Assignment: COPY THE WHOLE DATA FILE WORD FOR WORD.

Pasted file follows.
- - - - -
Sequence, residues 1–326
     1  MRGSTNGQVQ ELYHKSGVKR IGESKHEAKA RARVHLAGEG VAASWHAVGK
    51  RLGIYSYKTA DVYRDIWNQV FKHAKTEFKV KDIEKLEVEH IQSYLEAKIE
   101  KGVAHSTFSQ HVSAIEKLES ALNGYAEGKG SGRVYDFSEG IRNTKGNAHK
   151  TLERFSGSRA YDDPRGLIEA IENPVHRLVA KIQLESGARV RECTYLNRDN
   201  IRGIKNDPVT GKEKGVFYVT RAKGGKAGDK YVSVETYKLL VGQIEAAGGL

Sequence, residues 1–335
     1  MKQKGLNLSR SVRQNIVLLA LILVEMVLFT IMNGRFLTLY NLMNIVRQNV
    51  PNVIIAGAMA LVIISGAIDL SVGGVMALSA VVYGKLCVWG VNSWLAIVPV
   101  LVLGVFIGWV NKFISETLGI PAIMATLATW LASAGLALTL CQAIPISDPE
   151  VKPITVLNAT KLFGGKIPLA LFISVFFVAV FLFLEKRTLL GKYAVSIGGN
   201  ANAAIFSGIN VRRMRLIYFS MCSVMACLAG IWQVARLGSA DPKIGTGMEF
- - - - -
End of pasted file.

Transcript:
Sequence, residues 1–326
     1  MRGSTNGQVQ ELYHKSGVKR IGESKHEAKA RARVHLAGEG VAASWHAVGK
    51  RLGIYSYKTA DVYRDIWNQV FKHAKTEFKV KDIEKLEVEH IQSYLEAKIE
   101  KGVAHSTFSQ HVSAIEKLES ALNGYAEGKG SGRVYDFSEG IRNTKGNAHK
   151  TLERFSGSRA YDDPRGLIEA IENPVHRLVA KIQLESGARV RECTYLNRDN
   201  IRGIKNDPVT GKEKGVFYVT RAKGGKAGDK YVSVETYKLL VGQIEAAGGL

Sequence, residues 1–335
     1  MKQKGLNLSR SVRQNIVLLA LILVEMVLFT IMNGRFLTLY NLMNIVRQNV
    51  PNVIIAGAMA LVIISGAIDL SVGGVMALSA VVYGKLCVWG VNSWLAIVPV
   101  LVLGVFIGWV NKFISETLGI PAIMATLATW LASAGLALTL CQAIPISDPE
   151  VKPITVLNAT KLFGGKIPLA LFISVFFVAV FLFLEKRTLL GKYAVSIGGN
   201  ANAAIFSGIN VRRMRLIYFS MCSVMACLAG IWQVARLGSA DPKIGTGMEF